Vanguard’s 5 Best Dividend ETFs Merit Consideration

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With current investment providers offering thousands of exchange-traded funds (ETFs), even individual and part-time investors easily can find the best dividend ETFs for their particular investment strategy by going to a single provider.

If that single provider happens to be The Vanguard Group, the offerings become even better than average. Since Vanguard is the world’s second-largest provider of exchange-traded funds (ETFs) – trailing only BlackRock’s iShares – finding the best dividend etfs to fit any investment portfolio strategy becomes only a matter of choosing the ETF type or sector.

The list below includes the five best dividend ETFs from the Vanguard Group in terms of total return over the past year, as well as dividend yield. Vanguard offers ETFs with higher yields and higher total returns over the past 12 months than the five ETFs listed below.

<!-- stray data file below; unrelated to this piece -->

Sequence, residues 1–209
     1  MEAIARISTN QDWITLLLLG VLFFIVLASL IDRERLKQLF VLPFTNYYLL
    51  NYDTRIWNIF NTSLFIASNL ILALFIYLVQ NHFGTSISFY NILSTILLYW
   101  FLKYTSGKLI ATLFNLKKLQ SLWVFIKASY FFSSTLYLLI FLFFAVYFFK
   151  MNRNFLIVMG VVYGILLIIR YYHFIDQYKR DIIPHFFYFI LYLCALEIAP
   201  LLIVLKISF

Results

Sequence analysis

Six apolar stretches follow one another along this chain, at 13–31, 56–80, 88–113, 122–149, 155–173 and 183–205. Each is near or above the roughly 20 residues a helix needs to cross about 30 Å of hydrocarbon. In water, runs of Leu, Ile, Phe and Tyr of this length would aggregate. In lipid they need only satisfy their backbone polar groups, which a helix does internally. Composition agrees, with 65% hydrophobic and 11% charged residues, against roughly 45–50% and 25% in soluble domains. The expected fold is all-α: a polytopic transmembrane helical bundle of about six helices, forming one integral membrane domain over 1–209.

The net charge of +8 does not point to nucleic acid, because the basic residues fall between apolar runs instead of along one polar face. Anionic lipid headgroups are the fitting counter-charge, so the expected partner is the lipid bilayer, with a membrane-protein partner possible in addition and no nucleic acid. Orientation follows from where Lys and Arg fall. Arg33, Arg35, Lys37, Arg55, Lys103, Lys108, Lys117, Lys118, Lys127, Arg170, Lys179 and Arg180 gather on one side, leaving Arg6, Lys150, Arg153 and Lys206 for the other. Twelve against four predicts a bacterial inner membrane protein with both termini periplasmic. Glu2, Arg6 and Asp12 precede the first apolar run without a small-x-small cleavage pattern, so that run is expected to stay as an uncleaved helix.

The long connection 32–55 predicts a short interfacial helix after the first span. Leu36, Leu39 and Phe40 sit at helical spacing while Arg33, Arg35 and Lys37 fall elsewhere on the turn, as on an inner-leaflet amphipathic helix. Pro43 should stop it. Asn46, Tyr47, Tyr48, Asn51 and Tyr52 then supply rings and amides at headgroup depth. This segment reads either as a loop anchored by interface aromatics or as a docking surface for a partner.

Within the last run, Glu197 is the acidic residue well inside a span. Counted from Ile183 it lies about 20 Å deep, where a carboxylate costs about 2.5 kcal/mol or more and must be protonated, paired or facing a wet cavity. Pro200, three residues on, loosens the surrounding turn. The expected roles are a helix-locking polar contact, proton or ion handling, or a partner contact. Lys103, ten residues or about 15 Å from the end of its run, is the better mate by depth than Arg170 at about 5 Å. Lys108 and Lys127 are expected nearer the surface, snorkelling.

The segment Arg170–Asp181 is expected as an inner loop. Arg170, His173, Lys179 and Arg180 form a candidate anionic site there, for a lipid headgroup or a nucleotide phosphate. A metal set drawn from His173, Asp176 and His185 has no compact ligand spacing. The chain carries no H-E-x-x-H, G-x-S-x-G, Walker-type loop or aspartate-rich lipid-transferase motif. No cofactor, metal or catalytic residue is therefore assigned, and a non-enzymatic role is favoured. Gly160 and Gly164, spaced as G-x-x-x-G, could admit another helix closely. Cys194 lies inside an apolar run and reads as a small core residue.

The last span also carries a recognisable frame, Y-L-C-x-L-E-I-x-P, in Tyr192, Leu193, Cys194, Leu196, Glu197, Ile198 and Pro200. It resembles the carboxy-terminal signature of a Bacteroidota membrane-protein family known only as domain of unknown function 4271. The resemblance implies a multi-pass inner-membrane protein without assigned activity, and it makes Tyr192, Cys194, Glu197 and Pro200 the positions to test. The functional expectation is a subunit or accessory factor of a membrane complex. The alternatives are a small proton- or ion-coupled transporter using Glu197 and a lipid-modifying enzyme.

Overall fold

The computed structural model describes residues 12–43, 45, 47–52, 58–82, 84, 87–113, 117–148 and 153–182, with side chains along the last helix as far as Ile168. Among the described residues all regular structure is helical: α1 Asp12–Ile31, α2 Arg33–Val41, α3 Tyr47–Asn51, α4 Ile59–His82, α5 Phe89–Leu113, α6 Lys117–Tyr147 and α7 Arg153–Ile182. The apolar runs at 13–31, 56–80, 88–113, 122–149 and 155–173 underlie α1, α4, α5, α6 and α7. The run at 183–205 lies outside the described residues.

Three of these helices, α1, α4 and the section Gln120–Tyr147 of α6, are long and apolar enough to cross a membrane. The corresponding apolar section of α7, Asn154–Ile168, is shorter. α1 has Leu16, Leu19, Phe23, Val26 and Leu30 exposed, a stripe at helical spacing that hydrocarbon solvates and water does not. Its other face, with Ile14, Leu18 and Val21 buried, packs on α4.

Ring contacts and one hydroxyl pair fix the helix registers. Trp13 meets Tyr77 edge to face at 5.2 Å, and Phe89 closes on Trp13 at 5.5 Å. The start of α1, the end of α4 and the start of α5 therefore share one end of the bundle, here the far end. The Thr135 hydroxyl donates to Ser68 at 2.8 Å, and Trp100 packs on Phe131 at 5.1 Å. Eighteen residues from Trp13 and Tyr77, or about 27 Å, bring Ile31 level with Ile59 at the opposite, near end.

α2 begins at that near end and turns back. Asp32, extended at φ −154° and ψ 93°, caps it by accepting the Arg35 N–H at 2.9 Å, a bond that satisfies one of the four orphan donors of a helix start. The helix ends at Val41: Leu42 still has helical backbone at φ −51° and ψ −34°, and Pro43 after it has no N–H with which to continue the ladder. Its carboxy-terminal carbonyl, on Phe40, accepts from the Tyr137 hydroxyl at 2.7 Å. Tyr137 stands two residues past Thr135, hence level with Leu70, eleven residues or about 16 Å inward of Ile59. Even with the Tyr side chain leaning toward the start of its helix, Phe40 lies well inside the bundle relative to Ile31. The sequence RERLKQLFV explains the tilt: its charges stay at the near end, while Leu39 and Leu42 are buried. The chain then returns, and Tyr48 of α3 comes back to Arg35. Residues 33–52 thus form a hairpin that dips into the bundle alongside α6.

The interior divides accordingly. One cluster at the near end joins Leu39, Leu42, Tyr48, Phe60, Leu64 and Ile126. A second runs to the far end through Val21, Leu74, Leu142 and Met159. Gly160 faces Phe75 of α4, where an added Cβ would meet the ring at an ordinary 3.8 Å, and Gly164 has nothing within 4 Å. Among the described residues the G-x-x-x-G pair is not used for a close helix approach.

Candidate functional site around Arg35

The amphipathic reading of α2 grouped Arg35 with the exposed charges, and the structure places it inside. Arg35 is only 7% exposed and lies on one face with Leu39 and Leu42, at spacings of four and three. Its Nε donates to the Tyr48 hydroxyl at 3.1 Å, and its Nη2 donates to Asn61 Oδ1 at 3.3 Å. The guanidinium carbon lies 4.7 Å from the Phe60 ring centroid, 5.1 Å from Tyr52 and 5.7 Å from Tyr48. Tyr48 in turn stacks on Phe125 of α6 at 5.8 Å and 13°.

However, some of those funds with total returns in excess of 10% pay dividend yields of less than 0.4%. Alternatively, few of the ETFs with dividend yields of more than 4% saw their unit price drop more than 10% in recent years, thus delivering total losses of more than 8% during the trailing 12 months. The list below focuses on funds with balanced performance of steady dividend income and asset appreciation.



Vanguard’s 5 Best Dividend ETFs — #5:

Vanguard Real Estate ETF (NYSE:VNQ)

With a goal of closely tracking the return of the MSCI US Investable Market Real Estate 25/50 Index, this fund invests in stocks issued by real estate investment trusts (REITs), companies that purchase office buildings, hotels and other real property.